Major EPA report confirms that biofuels drive land conversion, hurt biodiversity

A major report, just issued by the EPA, includes a sweeping condemnation of U.S. biofuel policy.

This triennial report, issued four years late, found that increased production of corn and soy for biofuels have led to range of adverse environmental outcomes. Its conclusions will be familiar to anyone who’s followed the environmental discussion around biofuels in recent years. Among its findings:

  • Native ecosystems are being converted to industrial crop production both here in the United States and abroad;
  • this conversion destroys wildlife habitat and hurts biodiversity, and;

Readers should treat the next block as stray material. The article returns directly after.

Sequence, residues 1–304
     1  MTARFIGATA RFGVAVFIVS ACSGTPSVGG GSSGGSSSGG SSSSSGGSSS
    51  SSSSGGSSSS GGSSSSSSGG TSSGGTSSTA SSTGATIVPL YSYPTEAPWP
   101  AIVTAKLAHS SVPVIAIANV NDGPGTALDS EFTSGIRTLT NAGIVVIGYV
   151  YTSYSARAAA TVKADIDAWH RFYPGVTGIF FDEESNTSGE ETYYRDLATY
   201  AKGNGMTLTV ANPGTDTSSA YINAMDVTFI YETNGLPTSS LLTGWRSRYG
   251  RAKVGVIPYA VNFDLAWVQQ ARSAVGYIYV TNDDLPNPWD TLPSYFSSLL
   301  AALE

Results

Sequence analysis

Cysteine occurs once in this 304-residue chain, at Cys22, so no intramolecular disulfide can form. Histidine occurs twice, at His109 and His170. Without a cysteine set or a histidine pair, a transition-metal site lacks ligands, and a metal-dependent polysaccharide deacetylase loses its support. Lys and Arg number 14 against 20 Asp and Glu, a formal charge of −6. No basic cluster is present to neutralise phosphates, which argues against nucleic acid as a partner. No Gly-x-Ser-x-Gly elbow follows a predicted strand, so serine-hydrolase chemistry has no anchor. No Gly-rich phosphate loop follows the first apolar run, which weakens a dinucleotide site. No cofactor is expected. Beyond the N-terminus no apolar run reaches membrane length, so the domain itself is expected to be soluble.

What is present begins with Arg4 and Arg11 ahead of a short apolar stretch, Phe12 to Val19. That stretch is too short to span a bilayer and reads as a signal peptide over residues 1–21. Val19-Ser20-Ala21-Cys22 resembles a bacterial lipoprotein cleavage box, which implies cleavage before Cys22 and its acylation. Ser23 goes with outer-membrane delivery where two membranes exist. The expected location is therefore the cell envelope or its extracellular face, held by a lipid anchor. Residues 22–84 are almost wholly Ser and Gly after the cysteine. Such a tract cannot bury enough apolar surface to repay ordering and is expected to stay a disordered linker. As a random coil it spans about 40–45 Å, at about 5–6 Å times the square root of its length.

• agricultural inputs, including fertilizer application, are up, increasing run-off and water pollution and contributing to algal blooms and the dead zone in the Gulf of Mexico.

The scope of this triennial report did not include assessments of the climate emissions impacts caused by the RFS. But, scientific research around carbon emissions from land conversion and a close reading of the EPA assumptions around existing biofuel production facilities show that food-based biofuels have emissions that are likely on par with or worse than the oil and gas they replaced.

Ultimately, this report echoes years of evidence and calls by the environmental community to reform our use of food-based biofuels. More corn, soy, palm and other food-based biofuels will only worsen these environmental problems, and it’s clearly the wrong course to consider maintaining or increasing consumption.